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Am J Emerg Med. 2017 Feb;35(2):249-254. doi: 10.1016/j.ajem.2016.10.060. Epub 2016 Oct 29.

Elderly patients are at increased risk for treatment failure in outpatient management of purulent skin infections.

Author information

1
Department of Emergency Medicine, University of Massachusetts Medical School, Worcester, MA, United States. Electronic address: john.haran@umassmed.edu.
2
Department of Emergency Medicine, University of Massachusetts Medical School, Worcester, MA, United States.
3
Department of Emergency Medicine, Alpert School of Medicine, Brown University, Providence, RI, United States.
4
Department of Quantitative Health Sciences, University of Massachusetts Medical School, Worcester, MA, United States.
5
Department of Pediatrics and Division of Global Health, Massachusetts General Hospital, Boston, MA, United States.

Abstract

OBJECTIVE:

Current Infectious Disease Society of America (IDSA) guidelines for the management of purulent skin or soft tissue infections do not account for patient age in treatment recommendations. The study objective was to determine if age was associated with outpatient treatment failure for purulent skin infection after adjusting for IDSA treatment guidelines.

METHODS:

We conducted a multicenter retrospective study of adult patients treated for a purulent skin infection and discharged home from four emergency departments between April and September 2014. Patients were followed for one month to assess for treatment failure (defined as need for a change in antibiotics, surgical intervention, or hospitalization). We used multivariable logistic regression to examine the role of patient age on treatment failure adjusting for demographic variables (gender, race), comorbidities and severity of infection.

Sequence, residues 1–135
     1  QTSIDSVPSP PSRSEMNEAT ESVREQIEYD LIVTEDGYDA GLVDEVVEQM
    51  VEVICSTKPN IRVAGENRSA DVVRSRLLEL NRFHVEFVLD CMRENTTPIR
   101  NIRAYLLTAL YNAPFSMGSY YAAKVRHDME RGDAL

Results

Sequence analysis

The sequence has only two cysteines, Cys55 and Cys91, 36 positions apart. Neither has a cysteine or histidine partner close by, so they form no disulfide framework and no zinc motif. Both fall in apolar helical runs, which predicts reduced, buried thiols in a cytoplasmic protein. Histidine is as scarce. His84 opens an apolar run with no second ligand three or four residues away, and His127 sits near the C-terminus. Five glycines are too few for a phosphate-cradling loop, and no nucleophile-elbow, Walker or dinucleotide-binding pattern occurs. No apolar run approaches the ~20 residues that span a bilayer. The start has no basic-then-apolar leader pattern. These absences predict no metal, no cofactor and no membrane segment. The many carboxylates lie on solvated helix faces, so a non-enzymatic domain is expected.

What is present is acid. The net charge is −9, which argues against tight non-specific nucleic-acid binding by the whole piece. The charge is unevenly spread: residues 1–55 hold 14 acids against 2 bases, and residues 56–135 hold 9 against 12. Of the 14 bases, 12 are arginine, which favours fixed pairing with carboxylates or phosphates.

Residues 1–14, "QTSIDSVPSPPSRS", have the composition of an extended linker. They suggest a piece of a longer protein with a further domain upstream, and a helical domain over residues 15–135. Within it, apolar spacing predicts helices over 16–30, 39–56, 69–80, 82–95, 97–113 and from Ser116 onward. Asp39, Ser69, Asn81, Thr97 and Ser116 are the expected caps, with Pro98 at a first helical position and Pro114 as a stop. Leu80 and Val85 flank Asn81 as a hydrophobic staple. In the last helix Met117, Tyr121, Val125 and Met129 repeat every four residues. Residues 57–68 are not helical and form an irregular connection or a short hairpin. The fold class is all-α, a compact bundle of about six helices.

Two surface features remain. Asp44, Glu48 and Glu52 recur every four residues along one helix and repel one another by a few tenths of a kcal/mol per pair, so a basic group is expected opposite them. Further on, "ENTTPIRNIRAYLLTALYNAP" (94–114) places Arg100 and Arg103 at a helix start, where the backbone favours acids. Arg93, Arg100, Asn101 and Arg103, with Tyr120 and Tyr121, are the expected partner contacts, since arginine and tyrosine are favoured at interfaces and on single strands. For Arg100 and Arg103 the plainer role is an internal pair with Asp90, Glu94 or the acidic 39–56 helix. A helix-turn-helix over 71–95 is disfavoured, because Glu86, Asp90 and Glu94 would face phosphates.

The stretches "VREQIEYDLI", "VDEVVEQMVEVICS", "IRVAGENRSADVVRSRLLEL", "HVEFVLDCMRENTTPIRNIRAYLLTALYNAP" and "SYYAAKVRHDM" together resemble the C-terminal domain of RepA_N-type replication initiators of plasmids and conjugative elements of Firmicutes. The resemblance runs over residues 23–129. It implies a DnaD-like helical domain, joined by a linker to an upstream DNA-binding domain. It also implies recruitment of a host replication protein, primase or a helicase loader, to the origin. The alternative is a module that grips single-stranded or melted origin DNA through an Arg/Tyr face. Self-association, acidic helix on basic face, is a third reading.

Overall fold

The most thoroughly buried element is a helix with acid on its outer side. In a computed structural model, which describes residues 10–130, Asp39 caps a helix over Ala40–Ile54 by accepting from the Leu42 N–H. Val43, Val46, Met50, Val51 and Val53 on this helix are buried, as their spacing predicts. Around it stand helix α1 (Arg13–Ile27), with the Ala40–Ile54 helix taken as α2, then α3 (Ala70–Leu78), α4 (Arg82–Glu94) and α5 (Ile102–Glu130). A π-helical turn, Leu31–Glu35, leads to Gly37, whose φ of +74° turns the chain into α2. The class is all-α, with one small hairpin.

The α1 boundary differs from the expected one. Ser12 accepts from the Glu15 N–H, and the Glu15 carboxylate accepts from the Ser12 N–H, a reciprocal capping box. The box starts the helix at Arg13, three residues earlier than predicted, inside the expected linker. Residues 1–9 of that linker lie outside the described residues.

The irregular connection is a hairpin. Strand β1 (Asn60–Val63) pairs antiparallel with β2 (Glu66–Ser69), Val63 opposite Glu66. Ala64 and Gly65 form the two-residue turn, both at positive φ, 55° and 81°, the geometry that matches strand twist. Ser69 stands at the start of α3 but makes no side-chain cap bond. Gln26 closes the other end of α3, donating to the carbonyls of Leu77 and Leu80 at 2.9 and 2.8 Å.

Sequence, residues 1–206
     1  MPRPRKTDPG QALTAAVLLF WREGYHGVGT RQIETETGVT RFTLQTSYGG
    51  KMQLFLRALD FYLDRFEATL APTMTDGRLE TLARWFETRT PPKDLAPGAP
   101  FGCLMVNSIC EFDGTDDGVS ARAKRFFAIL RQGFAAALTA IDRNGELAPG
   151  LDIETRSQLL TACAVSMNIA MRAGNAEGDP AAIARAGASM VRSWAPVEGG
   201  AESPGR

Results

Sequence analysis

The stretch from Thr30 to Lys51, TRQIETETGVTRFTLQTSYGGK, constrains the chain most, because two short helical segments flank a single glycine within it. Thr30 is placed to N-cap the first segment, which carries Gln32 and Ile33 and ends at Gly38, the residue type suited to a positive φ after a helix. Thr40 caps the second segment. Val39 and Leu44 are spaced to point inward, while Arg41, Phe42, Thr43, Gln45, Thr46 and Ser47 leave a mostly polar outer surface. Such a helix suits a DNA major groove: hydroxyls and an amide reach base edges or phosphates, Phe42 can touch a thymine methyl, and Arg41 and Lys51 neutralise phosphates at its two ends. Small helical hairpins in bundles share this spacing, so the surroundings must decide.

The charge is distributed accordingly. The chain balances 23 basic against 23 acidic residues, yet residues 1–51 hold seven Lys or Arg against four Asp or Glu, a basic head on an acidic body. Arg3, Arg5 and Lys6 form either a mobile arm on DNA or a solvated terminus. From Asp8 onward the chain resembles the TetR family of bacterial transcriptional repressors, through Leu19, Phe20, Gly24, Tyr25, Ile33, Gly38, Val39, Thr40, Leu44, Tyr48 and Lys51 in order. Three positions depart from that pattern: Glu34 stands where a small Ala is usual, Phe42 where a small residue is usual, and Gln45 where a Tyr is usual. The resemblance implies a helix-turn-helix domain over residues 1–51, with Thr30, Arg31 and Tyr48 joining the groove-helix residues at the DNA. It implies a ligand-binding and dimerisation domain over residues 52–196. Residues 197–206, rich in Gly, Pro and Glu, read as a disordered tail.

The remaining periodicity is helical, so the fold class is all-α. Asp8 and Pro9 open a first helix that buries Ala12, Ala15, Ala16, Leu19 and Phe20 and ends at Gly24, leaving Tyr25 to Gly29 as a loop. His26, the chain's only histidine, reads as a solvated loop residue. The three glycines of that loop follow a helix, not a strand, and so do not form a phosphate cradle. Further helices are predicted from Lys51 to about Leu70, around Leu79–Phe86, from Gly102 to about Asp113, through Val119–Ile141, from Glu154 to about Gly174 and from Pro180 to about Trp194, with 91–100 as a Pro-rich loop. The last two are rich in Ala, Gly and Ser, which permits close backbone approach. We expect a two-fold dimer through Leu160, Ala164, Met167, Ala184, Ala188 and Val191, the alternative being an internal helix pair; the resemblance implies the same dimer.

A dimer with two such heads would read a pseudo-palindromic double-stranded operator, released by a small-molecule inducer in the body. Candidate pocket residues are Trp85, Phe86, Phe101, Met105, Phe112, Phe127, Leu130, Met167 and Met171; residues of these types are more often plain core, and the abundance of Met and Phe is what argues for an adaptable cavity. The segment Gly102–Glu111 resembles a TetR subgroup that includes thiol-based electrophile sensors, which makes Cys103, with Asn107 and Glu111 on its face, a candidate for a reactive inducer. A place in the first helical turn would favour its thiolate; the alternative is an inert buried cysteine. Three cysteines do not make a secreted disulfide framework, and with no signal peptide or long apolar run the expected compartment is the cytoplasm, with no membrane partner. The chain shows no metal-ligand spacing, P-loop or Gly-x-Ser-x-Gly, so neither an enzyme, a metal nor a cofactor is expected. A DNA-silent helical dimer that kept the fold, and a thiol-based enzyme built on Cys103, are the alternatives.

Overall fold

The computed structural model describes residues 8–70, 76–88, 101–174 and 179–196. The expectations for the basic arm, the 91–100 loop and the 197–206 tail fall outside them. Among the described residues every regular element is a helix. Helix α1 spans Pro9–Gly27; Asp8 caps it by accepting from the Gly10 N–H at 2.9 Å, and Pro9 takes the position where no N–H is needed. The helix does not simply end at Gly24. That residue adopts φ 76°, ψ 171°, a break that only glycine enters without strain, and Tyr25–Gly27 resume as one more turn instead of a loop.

RESULTS:

A total of 467 patients met inclusion criteria (mean age 37.9years [SD 14.0], 48.2% of whom were women). Overall, 12.4% failed initial therapy. Patients 65years and older (n=35) were almost 4 times more likely to fail initial ED therapy in follow-up compared with younger patients (adjusted Odds Ratio (OR) 3.87, 95% Confidence Interval (CI) 1.24-12.10). After adjustment, for every 10years of advancing age there was a 43% increased odds of failing initial treatment (OR 1.43 95% CI 1.09-1.88).

CONCLUSION:

Elderly patients with purulent skin infections, whose providers followed the 2014 IDSA guidelines, were more likely to fail initial treatment than younger patients. This study suggests that there is a need to re-evaluate treatment guidelines in elderly patients.

PMID:
27836315
DOI:
10.1016/j.ajem.2016.10.060
[Indexed for MEDLINE]

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